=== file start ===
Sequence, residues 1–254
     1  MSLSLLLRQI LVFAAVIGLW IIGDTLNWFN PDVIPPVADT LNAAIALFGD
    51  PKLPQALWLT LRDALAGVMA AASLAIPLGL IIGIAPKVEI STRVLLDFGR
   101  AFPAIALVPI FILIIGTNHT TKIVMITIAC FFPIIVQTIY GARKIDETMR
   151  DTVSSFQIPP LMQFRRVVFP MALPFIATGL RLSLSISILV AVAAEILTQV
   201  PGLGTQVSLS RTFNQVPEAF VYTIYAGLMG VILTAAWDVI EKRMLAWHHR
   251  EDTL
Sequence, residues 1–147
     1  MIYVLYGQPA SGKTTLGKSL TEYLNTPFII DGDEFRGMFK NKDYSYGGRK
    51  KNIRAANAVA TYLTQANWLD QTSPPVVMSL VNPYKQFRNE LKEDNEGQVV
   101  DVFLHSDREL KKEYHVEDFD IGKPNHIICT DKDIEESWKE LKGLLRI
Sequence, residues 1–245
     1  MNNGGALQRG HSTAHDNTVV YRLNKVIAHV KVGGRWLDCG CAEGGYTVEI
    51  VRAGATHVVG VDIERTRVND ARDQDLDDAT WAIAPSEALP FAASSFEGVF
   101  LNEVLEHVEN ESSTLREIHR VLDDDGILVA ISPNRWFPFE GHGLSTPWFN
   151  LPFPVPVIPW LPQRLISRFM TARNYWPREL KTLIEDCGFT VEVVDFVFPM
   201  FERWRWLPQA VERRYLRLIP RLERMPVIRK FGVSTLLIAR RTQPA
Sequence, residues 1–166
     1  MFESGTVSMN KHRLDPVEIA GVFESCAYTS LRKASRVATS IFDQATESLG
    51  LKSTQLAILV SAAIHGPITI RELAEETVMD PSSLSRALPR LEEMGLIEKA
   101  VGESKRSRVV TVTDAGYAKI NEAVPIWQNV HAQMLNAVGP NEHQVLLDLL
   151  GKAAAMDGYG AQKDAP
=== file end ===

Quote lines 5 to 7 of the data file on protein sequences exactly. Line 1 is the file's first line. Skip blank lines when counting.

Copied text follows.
   151  DTVSSFQIPP LMQFRRVVFP MALPFIATGL RLSLSISILV AVAAEILTQV
   201  PGLGTQVSLS RTFNQVPEAF VYTIYAGLMG VILTAAWDVI EKRMLAWHHR
   251  EDTL